We fall for people based on appearance, kindness and wealth. It’s not as simple as removing one part of the equation.
Each year, more and more people are looking to dating apps to find a partner. And a trove of data from these users is finally revealing what men and women really want.
How women describe themselves, and whom they engage romantically with, is changing.
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Women's sexual identities and behaviors are changing in ways men's are not.
The show – and the public’s reaction – can tell us a huge amount about how ideas about love and romance have changed over the centuries.
Using physical and psychological traits, researchers are building a system which can rate a person’s attractiveness.
There are many reasons why those who laugh and can make others laugh are attractive mates.
Why are we so serious about not being too serious? The philosophy of humour has the answer.
It’s likeness that makes the heart grow fonder.
It’s a classic adage for those seeking love. The problem is that psychology research shows it’s just not true.
Attractiveness in the voice is very important for the impressions we give our potential partners.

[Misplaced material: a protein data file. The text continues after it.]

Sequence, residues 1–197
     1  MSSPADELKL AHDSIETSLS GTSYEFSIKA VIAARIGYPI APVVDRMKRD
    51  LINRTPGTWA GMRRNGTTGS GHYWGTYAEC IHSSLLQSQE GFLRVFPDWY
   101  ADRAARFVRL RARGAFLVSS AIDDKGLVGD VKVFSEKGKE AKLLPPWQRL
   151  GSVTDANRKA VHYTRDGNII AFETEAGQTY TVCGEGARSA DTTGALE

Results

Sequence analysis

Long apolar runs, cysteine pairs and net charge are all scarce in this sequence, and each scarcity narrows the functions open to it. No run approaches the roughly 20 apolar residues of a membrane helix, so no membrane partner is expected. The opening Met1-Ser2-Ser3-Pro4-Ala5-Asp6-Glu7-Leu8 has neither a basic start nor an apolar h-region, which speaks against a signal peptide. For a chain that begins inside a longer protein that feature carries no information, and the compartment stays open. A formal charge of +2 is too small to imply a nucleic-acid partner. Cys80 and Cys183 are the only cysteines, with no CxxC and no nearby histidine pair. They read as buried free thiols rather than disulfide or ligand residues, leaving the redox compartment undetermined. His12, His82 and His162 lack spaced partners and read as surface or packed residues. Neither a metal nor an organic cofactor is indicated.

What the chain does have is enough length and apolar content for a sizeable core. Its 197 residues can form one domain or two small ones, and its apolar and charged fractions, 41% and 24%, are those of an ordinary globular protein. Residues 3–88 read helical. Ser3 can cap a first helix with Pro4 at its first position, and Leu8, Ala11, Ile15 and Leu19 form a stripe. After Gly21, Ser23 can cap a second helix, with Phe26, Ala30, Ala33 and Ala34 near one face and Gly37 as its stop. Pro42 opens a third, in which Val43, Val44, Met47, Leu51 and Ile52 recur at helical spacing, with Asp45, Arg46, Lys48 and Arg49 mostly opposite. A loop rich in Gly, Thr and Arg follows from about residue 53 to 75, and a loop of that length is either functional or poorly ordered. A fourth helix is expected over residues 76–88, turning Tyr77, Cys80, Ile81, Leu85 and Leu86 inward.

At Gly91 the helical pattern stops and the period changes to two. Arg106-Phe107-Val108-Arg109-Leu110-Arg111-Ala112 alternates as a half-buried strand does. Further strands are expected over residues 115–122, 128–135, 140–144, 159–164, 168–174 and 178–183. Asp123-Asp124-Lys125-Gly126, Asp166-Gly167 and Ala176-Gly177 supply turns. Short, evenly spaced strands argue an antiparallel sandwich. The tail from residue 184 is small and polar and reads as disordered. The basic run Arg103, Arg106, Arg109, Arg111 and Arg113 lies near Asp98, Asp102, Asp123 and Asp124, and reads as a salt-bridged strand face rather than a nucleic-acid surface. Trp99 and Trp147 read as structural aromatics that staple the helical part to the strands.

Body language can sometimes tell us if the person we’re talking to is interested in us romantically. But the way they talk offers a few clues, too.
‘The Wedding Ring Effect’ is the idea that simply by wearing a wedding ring a man is somehow imbued with a host of desirable characteristics.
Mate copying is the name given to the phenomenon whereby an individual is preferred as a future romantic partner simply because they have relationship experience.
Old Spice may be the solution for those looking to be more manly.
Deodorants can benefit us all. But manly men can skip it if they like, finds study.
Exploitation or empowerment?
How sexual attraction to a disabled body is about more than just desires of the flesh.